This is a contributed article by Dr. Brent Wells
Shoulder pain can really get you in a twist. If you’re experiencing shoulder pain, you might consider trying shoulder-specific exercises to relieve pain and promote healing of your shoulder. Studies show that exercises can make a big difference in your pain over time.
Many of these exercises can be done in the comfort of your home. Whenever you start doing new exercises, be sure to start them slowly, don’t push yourself and use the right equipment. Stretching should feel pleasant, not painful. If you want to speed up your recovery, you’ll take it easy with these exercises until your strength and mobility are improved. Let’s go over these stretches so you can start getting pain relief today.
This yoga pose is great for stretching your neck, shoulder and back muscles. It’s a good way to start your morning routine, and it’s also relaxing. To do it, kneel down and sit back on your heels. Then, stretch your body forward so that your arms are extending out, your head is touching the floor and your stomach is resting on your thighs. You can hold this stretch for 30 seconds for best results.
Arm swings (“pendulum”)
Arm swings are a good way to loosen your shoulder joint. To do this, stay standing and place one hand on a flat surface (such as a chair or table) for support. Then, position your arm so it can swing forward and backward. You can start small and then increase the swing as you get more comfortable. Arm swings can be done both front and back, as well as side to side.
Arm across the chest
This stretch is good for opening your chest and shoulders. Stretch your right hand in front of your body, then pull it close across your chest to the left side. Make sure you’re not doing this in a painful way. Hold this position for 30-60 seconds and repeat on the other side.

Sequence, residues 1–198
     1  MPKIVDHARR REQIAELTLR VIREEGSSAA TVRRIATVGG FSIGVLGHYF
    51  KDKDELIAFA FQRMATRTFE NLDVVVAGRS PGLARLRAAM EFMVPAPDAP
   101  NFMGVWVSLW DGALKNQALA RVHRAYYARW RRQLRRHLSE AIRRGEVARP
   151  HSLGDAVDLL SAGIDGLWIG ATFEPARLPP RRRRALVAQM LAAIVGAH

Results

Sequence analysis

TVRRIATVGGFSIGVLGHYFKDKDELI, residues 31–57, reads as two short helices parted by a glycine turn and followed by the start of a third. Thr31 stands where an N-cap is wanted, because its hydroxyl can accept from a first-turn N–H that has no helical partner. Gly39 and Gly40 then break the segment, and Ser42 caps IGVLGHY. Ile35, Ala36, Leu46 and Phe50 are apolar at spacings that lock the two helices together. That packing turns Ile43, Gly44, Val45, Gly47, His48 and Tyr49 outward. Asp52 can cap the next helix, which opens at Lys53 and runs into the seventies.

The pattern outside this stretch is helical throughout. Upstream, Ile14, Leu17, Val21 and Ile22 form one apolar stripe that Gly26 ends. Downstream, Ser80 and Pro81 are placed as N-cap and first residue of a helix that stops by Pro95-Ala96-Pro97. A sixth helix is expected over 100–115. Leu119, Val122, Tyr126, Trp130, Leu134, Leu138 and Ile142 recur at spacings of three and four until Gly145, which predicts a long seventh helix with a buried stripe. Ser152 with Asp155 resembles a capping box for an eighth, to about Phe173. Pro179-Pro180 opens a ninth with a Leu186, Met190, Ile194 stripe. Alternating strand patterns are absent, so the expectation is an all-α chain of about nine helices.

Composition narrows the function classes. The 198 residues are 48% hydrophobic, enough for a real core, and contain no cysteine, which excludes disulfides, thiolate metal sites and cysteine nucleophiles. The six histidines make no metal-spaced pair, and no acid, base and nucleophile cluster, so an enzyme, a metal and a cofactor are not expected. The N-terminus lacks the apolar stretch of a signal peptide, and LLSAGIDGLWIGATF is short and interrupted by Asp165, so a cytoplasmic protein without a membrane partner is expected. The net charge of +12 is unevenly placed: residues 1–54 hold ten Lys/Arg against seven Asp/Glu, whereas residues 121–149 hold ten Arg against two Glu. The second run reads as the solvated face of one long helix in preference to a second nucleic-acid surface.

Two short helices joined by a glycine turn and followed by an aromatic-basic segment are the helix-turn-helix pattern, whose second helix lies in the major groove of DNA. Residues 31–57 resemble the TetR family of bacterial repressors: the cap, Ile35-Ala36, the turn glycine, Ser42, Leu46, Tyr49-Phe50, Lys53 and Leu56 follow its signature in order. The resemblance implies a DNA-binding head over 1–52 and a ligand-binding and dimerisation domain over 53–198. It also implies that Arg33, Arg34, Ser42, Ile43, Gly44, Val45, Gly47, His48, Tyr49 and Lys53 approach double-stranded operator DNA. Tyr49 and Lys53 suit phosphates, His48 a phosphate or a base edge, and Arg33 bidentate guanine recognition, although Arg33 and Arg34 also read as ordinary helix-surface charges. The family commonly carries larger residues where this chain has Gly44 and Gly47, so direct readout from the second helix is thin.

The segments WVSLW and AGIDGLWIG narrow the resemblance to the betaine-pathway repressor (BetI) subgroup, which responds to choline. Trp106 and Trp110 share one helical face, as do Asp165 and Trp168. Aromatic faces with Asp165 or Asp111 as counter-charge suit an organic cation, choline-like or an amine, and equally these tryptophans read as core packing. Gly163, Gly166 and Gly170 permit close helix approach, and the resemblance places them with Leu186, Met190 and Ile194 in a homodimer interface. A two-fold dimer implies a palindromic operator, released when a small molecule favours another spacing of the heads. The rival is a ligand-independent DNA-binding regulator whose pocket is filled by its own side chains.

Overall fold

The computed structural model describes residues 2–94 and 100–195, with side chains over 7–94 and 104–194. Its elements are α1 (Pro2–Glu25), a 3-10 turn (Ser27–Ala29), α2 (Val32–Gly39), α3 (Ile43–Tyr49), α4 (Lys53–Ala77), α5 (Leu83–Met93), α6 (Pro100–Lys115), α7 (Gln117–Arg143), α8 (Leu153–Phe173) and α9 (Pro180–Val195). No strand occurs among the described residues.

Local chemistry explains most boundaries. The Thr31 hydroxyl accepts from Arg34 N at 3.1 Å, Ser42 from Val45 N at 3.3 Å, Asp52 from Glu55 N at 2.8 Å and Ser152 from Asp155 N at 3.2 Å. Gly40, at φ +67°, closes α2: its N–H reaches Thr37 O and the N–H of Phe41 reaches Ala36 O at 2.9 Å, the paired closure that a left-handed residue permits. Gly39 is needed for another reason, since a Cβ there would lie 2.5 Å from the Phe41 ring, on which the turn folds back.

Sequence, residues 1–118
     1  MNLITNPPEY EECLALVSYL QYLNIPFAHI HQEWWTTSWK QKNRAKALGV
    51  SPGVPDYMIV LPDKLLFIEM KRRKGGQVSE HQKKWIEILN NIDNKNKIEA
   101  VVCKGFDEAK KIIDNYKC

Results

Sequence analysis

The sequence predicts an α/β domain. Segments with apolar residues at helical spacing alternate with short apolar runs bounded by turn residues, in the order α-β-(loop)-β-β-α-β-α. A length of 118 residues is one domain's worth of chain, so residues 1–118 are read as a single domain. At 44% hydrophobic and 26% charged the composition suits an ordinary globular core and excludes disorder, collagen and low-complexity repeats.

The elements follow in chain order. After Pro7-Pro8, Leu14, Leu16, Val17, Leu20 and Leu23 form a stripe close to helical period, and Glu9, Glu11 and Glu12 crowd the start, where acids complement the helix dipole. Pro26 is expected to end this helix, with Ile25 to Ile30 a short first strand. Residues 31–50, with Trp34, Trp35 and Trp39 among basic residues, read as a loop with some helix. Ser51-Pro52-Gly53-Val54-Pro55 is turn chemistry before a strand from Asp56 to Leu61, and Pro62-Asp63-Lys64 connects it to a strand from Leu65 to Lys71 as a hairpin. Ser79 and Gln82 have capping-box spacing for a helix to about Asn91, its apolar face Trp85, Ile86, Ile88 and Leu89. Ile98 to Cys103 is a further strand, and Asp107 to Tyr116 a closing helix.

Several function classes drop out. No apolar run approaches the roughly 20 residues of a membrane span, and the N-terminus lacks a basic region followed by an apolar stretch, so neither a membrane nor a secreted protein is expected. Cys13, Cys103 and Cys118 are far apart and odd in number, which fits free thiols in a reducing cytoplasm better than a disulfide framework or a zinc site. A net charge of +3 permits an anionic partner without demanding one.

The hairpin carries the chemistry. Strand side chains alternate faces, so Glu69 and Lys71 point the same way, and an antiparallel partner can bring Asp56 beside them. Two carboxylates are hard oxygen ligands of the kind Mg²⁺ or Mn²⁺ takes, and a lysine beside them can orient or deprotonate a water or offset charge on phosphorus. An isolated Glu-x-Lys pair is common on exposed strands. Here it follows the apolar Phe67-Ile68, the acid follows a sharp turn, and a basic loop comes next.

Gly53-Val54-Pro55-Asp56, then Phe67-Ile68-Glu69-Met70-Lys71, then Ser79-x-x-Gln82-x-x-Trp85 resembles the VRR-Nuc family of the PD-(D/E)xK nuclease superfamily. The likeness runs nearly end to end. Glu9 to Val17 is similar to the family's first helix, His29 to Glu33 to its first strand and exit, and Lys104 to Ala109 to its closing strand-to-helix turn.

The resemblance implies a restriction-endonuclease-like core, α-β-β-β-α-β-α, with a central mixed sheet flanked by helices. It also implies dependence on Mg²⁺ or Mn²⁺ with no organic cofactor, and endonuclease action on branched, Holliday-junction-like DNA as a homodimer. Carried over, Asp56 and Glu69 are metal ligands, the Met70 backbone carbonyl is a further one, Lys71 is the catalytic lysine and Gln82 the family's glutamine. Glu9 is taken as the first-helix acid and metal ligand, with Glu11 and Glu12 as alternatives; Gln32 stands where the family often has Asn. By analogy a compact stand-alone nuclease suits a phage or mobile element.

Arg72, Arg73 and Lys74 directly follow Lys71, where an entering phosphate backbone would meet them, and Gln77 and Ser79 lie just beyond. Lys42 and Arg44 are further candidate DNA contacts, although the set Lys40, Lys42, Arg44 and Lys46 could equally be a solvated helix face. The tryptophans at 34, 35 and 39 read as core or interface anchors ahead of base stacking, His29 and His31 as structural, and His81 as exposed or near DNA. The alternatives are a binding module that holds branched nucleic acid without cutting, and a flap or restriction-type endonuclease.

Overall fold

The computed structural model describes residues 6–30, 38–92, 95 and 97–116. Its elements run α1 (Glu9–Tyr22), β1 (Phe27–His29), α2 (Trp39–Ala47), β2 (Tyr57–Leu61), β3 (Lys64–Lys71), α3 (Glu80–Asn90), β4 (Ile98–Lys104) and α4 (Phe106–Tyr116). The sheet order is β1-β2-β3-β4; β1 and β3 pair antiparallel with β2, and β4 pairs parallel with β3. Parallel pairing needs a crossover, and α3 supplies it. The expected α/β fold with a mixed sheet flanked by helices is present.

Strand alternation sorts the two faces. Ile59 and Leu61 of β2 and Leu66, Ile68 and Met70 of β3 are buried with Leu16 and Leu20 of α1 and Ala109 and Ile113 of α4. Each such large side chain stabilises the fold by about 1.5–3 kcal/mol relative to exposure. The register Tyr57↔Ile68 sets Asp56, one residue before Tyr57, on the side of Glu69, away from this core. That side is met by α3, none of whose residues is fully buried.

This is another good exercise to work on flexibility. Start by sitting down and placing your elbow bent at your side. Then, turn out your forearms so that you’re making a kind of wave. Return your hands to your center and repeat.
This exercise will give you immediate relief. You can do this exercise sitting or standing, depending on what’s most comfortable. Make sure your back is straight and then roll your shoulders down and back, and around in a circle. You can repeat this up to 10 times and change directions as well.
The idea behind this stretch is to lock your right hand over your shoulder and your left hand under your shoulder. To do this, reach your right arm straight up and then bend your hand back behind your head. At the same time, reach your left arm behind your back and bend your hand upwards toward the shoulder blade. You should be able to reach your fingertips to lock this stretch. You can also repeat this on the other side by switching positions.
T, Y, and I stretch
Like the name, this stretch involves making the T, Y and I letters with your arms. To do it, make sure your back is straight and your palms face out. Start with your arms tucked at your side and then lift them, making a T shape and then continuing upwards to make a Y and then an I shape. The idea is to keep your body neutral and flat as you stretch.
Thread the needle
Get on your hands and knees. Then, lift your left hand up and “thread” it down through the gap between your right arm and leg. Your arm should slide through and create an aligned stretch that involves a natural rotation. Don’t force your arm too far though. You should stop when your hips start to tilt.